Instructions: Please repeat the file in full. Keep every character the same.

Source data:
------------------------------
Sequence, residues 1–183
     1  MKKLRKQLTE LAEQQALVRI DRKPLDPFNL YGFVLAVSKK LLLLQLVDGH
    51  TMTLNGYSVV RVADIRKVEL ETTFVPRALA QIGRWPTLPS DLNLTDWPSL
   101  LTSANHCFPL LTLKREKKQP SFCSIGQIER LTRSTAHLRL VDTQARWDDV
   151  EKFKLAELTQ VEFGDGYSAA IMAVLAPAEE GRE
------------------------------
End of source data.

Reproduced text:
Sequence, residues 1–183
     1  MKKLRKQLTE LAEQQALVRI DRKPLDPFNL YGFVLAVSKK LLLLQLVDGH
    51  TMTLNGYSVV RVADIRKVEL ETTFVPRALA QIGRWPTLPS DLNLTDWPSL
   101  LTSANHCFPL LTLKREKKQP SFCSIGQIER LTRSTAHLRL VDTQARWDDV
   151  EKFKLAELTQ VEFGDGYSAA IMAVLAPAEE GRE